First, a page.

And another thing: I hate the way the sun always gets in my eyes in winter. Sometimes it feels like the whole world is against me; it did last night when I glided unaware through some dog mess. Got right in the tread. Will probably need a toothbrush to get that out - I hope my flatmate doesn't mind. Still, when you run yourself a hot bath and sink into a cosy bed you can almost forgive the biting cold and animals - escaping the winter is what makes it memorable.
There's something mildly unsettling about Anno 1701's premise. Unlike, say, The Darkness or Manhunt or Silent Hill which promote and delight in their distastefulness, this Sim City-like DS game hides its dark under a well-lit bushel. It's difficult to put a finger on at first. As you disembark your galleon onto a sunny, yellow shore and set about levelling the land, building houses, churches, pubs, quarries and profits your conscience remains unpricked by the comfortable plod of capitalism.
But, when the first Red Indian chief enters your growing settlement and requests politely that you get the hell out of his country the mask slips. Although it never explicitly says so, this is a game about dark imperialist history in which you mastermind a defiant invasion by stealing land from the indigenous people groups who already call it home.
The game drives you through its excellent and seamless tutorials, and you develop vigour and purpose. These are lands to settle and histories to write, a feeling which presumably mirrors that of those historical European pioneers for whom survival and the establishment of community was of greater importance than appeasement or integration with the natives. The bright presentation, friendly pilgrim-esque character portraits and well-to-do dialogue promote an atmosphere so innocent and orderly that you barely notice the shaky ethical ground upon which you build.
Ubisoft has acquired German publisher SunFlowers along with its best-selling Anno brand, GamesIndustry.biz reports.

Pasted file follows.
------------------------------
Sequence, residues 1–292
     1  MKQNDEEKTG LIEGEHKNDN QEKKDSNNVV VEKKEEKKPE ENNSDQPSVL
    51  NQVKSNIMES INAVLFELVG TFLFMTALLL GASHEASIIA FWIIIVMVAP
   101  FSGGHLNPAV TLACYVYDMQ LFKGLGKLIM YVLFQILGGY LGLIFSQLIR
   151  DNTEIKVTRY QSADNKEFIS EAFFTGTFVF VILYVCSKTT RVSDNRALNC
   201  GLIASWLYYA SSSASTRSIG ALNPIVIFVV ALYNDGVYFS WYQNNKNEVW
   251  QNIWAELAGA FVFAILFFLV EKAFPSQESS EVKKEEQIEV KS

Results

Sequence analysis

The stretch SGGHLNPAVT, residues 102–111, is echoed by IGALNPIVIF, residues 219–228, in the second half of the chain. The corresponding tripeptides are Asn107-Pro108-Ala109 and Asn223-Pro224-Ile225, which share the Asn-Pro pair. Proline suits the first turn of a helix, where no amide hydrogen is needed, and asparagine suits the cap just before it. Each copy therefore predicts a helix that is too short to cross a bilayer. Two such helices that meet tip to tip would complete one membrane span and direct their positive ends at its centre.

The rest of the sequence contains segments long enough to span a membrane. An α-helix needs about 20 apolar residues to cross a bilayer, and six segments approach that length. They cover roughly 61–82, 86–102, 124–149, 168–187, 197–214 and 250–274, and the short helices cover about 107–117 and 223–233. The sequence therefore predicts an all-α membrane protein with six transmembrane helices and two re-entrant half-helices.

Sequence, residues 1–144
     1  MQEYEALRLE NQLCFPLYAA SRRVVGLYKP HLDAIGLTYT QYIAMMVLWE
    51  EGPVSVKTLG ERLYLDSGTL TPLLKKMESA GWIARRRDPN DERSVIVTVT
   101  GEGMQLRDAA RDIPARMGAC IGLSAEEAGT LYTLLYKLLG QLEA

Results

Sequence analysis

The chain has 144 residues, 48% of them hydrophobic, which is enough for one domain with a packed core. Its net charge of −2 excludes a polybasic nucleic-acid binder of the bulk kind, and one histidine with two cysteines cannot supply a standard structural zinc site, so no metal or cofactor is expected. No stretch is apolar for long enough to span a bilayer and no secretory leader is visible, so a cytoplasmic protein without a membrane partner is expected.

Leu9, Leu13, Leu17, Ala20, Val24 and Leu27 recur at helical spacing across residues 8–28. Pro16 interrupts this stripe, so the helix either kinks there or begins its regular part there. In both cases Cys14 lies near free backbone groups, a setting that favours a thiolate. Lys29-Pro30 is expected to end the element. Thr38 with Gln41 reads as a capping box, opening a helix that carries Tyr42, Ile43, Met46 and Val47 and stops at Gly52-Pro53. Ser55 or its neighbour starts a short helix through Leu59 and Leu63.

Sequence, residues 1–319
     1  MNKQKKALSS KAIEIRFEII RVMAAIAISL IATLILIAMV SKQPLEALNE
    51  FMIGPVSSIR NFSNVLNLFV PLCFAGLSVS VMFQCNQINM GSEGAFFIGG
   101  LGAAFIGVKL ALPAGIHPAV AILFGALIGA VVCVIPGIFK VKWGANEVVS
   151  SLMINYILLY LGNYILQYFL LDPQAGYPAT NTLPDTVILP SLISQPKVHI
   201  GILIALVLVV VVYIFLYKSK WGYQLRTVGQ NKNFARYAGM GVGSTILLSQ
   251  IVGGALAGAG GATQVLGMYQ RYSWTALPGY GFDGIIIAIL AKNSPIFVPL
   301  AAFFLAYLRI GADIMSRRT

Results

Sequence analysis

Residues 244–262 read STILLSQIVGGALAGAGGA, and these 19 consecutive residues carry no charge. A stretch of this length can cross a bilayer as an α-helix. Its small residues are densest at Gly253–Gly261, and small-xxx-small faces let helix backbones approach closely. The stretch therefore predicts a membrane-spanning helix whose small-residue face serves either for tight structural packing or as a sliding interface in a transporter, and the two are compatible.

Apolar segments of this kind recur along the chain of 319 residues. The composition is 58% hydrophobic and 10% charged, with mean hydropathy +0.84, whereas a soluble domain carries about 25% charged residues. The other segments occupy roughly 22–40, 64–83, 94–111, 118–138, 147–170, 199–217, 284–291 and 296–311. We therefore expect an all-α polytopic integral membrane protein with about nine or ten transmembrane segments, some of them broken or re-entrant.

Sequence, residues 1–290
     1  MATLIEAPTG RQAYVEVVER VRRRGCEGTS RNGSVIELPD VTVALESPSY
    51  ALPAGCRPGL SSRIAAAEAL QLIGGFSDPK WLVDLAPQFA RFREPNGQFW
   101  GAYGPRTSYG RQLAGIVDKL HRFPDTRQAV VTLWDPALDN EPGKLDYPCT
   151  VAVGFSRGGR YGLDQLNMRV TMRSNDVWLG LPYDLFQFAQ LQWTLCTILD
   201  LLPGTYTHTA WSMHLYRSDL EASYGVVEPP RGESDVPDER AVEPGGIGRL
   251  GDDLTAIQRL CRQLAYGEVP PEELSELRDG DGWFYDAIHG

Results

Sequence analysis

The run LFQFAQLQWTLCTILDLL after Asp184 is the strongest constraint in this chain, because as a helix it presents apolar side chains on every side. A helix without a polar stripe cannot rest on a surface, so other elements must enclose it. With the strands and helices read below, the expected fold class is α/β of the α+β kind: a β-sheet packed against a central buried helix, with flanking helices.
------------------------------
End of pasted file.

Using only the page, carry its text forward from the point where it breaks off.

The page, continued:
"You've been playing for two hours without a break. Don't you want to stretch your legs for a bit?"
Mums will approve of the way this classy settle-and-trade strategy game watches for signs of chronic addiction then dispenses subtle health warnings via in-game characters. Me, I'd usually condemn this kind of presumptuous nannying, but in Anno 1701's case I think it's actually a sensible precaution. This is dangerously absorbing entertainment - DVT in a DVD case.
Here's how Related Designs keeps you superglued to your seat. First they supply a cute little galleon and a big randomly-generated map veiled in fog. You guide the ship around the map until you find an island that looks suitable for settlement. Using the contents of your sloshing hold, you erect a coastal warehouse, along with some fishermen's cottages and woodsmen's huts. A few minutes later there are enough gathered materials to construct a settlement centre and a huddle of thatched hovels. The latter structures quickly fill with pioneers - the lowliest of the game's five social classes. Eventually these villagers begin to grumble about the lack of churches and cosy clothes so you plonk down a chapel, a couple of sheep farms and a weaver's house.
Sunflowers and Related Designs have released a playable demo of the latest in the ANNO series of strategic exploration and building sims.
Sunflowers has announced its line-up for E3 this year; it plans to show off ANNO 1701 and ParaWorld.